International audienceWe consider a semiparametric convolution model. We observe random variables having a distribution given by the convolution of some unknown density $f$ and some partially known noise density $g$. In this work, $g$ is assumed exponentially smooth with stable law having unknown self-similarity index $s$. In order to ensure identifiability of the model, we restrict our attention to polynomially smooth, Sobolev-type densities $f$, with smoothness parameter $\beta$. In this context, we first provide a consistent estimation procedure for $s$. This estimator is then plugged-into three different procedures: estimation of the unknown density $f$, of the functional $\int f^2$ and goodness-of-fit test of the hypothesis $H_0 : f = f_0$, where the alternative $H_1$ is expressed with respect to $\mathbb{L}_{2}$-norm (i.e. has the form $\psi_{n}^{-2}\|f-f_{0}\|_{2}^{2}\ge \mathcal{C}$). These procedures are adaptive with respect to both $s$ and $\beta$ and attain the rates which are known optimal for known values of $s$ and $\beta$. As a by-product, when the noise density is known and exponentially smooth our testing procedure is optimal adaptive for testing Sobolev-type densities. The estimating procedure of s is illustrated on synthetic data

### Adaptive goodness-of-fit testing from indirect observations

International audienceIn a convolution model, we observe random variables whose distribution is the convolution of some unknown density $f$ and some known noise density $g$. We assume that $g$ is polynomially smooth. We provide goodness-of-fit testing procedures for the test $H_0:f=f_0$, where the alternative $H_1$ is expressed with respect to $\mathbb{L}_2$-norm (\emph{i.e.} has the form $\psi_{n}^{-2}\|f-f_0\|_2^2 \ge \mathcal{C}$). Our procedure is adaptive with respect to the unknown smoothness parameter $\tau$ of $f$. Different testing rates ($\psi_n$) are obtained according to whether $f_0$ is polynomially or exponentially smooth. A price for adaptation is noted and for computing this, we provide a non-uniform Berry-Esseen type theorem for degenerate $U$-statistics. In the case of polynomially smooth $f_0$, we prove that the price for adaptation is optimal. We emphasise the fact that the alternative may contain functions smoother than the null density to be tested, which is new in the context of goodness-of-fit tests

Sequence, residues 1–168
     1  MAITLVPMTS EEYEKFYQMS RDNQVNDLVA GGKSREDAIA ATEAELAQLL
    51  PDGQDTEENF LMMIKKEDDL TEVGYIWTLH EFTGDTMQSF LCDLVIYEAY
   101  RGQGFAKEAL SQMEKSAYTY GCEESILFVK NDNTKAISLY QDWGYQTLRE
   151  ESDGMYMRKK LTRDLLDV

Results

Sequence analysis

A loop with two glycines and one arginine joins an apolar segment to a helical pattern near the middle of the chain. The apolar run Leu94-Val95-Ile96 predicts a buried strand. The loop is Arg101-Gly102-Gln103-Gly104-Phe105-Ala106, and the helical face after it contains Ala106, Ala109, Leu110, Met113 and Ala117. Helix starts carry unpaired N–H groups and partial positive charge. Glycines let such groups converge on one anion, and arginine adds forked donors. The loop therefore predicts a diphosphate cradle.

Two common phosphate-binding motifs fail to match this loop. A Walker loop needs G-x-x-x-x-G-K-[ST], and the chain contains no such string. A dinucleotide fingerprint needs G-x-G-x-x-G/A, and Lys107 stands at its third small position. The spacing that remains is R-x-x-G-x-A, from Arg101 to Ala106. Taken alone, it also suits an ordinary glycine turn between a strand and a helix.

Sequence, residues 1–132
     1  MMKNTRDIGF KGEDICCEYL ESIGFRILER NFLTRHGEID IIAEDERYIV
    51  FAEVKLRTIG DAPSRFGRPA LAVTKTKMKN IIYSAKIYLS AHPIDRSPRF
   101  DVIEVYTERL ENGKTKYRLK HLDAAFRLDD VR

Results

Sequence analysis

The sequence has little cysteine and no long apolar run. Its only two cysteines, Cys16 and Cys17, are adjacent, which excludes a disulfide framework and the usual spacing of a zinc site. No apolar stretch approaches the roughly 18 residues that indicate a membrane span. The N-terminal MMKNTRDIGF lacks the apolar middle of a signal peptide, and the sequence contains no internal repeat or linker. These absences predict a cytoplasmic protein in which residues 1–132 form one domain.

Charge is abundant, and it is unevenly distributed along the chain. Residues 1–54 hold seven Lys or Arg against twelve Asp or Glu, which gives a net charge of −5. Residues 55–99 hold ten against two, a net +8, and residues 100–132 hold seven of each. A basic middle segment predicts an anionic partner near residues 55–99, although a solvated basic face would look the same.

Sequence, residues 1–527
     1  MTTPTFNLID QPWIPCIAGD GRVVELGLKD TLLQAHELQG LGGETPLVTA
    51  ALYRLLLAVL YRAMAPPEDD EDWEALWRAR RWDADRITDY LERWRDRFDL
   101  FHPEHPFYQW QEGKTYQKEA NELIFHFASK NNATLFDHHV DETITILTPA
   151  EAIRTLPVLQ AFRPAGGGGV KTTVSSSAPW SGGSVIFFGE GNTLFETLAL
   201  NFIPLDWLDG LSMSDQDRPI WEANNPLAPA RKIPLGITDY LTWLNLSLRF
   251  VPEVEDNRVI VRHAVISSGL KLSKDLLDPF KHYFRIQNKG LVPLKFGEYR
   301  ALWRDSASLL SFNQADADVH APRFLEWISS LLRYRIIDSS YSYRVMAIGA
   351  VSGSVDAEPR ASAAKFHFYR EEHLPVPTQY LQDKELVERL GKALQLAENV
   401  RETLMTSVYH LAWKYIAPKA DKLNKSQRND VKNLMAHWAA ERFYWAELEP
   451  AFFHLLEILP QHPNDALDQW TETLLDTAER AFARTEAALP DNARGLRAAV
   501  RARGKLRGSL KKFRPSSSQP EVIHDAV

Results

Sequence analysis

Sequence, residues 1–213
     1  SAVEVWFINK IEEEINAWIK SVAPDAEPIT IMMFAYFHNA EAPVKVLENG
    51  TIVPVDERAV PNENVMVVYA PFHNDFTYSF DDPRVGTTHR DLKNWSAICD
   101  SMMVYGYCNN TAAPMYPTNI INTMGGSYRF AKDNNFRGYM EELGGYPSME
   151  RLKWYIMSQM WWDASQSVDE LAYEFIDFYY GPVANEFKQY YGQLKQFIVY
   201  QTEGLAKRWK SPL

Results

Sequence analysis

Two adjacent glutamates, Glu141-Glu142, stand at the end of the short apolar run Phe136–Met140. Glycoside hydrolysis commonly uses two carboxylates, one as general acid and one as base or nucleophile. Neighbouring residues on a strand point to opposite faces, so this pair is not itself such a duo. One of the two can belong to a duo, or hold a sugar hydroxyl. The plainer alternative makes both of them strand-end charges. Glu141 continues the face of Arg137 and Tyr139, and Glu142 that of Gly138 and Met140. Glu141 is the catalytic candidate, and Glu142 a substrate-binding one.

### Test on components of mixture densities

International audienceThis paper deals with statistical tests on the components of mixture densities. We propose to test whether the densities of two independent samples of independent random variables $Y_1, \dots, Y_n$ and $Z_1, \dots, Z_n$ result from the same mixture of $M$ components or not. We provide a test procedure which is proved to be asymptotically optimal according to the minimax setting. We extensively discuss the connection between the mixing weights and the performance of the testing procedure and illustrate it with numerical examples

### Minimax rates over Besov spaces in ill-conditioned mixture-models with varying mixing-weights

International audienceWe consider ill-conditioned mixture-models with varying mixing-weights. We study the classical homogeneity testing problem in the minimax setup and try to push the model to its limits, that is to say to let the mixture model to be really ill-conditioned. We highlight the strong connection between the mixing-weights and the expected rate of testing. This link is characterized by the behavior of the smallest eigenvalue of a particular matrix computed from the varying mixing-weights. We provide optimal testing procedures and we exhibit a wide range of rates that are the minimax and minimax adaptive rates for Besov balls